Shearloaded Cantilever Beam
[ Problem Description ]
[ Finite Element Analyses ]
[ Input and Output Files ]
The purposes of this example are:
In our numerical experiment, a shearloaded cantilever beam of
length L = 48", height h = 12", width w = 1", is loaded
with force P = 40,000 lb at the end.
See the uppermost diagram in Figure 1.
Figure 1 : Finite Element Mesh for a Short Cantilever Beam.
The cantilever beam is constructed from one material type 
Young's Modulus E = 30000 ksi and Poisson's Ratio = 0.25.
From elasticity, the analytical solution for the tip displacement is
w = 0.3553 (in)
Finite element solutions are computed for:

A mesh of four square elements (as shown in Figure above);

Finer meshes of rectangular finite elements constructed by bisection;

Irregular meshes of four and sixteen quadrilateral
elements, as shown in the lower sections of Figure 1.
Table 1 summarizes the numerical results,
with the asterisk (*) denoting the irregular mesh.
Meshes  4 X 1  8 X 2  16 X 4  4 X 1* 
8 X 2* 
ALADDIN's Shell Element 
0.3445  0.3504  0.3543  0.3066  0.3455 
Error to Theoretical Solutions 
3.039%  1.379%  0.282%  13.707%  2.758% 
ANSYS5.0 Shell Element 
0.2424  0.3162  0.3449  0.2126  0.2996 
Sabir's Element 
0.3281  0.3454  0.3527     
Allman's Element 
0.3026  0.3394  0.3512     
Bilinear Element 
0.2424  0.3162  0.3447     
Table 1 : Summary of Tip Displacements for various Finite Element Meshs.
The Sabir finite element [2] is a rectangular element with the drilling degree of freedom.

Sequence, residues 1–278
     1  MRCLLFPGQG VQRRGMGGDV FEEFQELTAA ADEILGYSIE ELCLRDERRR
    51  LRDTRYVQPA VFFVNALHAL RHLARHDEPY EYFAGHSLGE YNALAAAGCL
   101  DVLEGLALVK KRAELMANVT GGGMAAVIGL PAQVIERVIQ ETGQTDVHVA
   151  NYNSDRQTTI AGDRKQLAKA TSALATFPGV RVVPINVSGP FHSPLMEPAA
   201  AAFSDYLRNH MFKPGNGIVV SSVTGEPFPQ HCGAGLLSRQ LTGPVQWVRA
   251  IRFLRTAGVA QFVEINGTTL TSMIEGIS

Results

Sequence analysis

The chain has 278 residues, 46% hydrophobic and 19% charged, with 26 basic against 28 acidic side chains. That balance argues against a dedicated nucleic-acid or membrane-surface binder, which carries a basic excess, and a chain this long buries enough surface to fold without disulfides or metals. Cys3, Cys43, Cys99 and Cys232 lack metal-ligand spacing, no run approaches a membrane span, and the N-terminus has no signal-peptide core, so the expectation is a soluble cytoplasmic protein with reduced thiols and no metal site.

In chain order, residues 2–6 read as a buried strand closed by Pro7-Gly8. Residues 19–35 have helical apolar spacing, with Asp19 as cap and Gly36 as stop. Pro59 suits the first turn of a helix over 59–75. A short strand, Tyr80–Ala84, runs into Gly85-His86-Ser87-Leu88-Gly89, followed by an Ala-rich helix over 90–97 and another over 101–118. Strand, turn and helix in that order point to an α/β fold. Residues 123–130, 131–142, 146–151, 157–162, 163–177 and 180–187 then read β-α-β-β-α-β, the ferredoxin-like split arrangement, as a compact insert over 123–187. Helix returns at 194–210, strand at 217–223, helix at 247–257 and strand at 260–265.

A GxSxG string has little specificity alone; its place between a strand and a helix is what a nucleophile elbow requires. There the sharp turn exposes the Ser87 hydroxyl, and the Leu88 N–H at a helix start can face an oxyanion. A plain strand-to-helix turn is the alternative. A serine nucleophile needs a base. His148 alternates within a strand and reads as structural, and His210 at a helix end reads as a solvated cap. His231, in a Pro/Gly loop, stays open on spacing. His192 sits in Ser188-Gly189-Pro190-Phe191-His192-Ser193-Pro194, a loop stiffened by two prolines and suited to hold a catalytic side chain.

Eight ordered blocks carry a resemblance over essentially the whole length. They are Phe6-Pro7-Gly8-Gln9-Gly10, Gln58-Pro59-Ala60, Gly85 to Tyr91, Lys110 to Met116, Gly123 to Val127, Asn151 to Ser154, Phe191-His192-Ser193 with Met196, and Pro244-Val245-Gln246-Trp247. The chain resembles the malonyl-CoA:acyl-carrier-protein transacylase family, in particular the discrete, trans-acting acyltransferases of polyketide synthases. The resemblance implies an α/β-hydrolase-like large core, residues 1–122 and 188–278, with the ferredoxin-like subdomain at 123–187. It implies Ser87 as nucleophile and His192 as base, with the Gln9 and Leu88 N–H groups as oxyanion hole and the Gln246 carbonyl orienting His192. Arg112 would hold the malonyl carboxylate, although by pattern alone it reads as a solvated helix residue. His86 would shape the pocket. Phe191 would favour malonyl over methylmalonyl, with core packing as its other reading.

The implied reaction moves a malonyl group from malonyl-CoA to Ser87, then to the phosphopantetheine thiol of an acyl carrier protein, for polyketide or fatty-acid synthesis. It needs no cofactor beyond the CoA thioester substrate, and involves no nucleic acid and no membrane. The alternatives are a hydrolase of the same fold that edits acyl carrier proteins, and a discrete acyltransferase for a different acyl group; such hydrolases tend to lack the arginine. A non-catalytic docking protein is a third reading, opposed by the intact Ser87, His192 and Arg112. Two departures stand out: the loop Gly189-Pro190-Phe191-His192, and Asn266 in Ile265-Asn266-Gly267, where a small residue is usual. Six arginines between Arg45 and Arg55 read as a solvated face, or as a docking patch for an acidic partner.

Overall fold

The Allman finite element [1] is a rectangular element with the vertex rotation.
The bilinear element is a rectangular constant strain element without any
nodal rotational degree of freedom.
Conclusions
The numerical results from this experiment suggest that:

With the same regular meshes, the Shell Finite Element with Drilling Degree of Freedom
gives more accurate results than other shell finite elements in the literature.

For the same irregularly shaped meshes,
this shell element provides much greater accuracy than shell element of ANSYS5.0.
Readers should note that the latter is a four node flat shell
element having six degrees of freedom per node in
which a drilling degree of freedom based on an approach
suggested by KanokNukulchai is included.

The numerical results also suggest that this shell element gives reasonably
accurate and rapidly convergent results with distorted meshes.
References

Allman D.J., "A Quadrilateral Finite Element Including Vertex Rotations
for Plane Elasticity Analysis,"
International Journal for Numerical Methods in Engineering,
Vol. 26, 1988, pp. 26452655.

Sabir A.B., "A Rectangular and a Triangular Plane Elasticity Element
with Drilling Degrees of Freedom,"
Proceedings of the Second International Conference on Variational Methods in Engineering,
Brebbia C.A. (ed.), Southhampton University, July 1985, SpringerVerlag,
Berlin, 1985. pp. 1725.

Click here to visit the complete input file
for the 8x2 irregularly shaped finite element mesh.

Click here to visit the complete output
file.
Developed in July 1996 by Lanheng Jin & Mark Austin
Last Modified September 27, 1996
Copyright © 1996, Lanheng Jin and Mark Austin, Department of Civil
Engineering, University of Maryland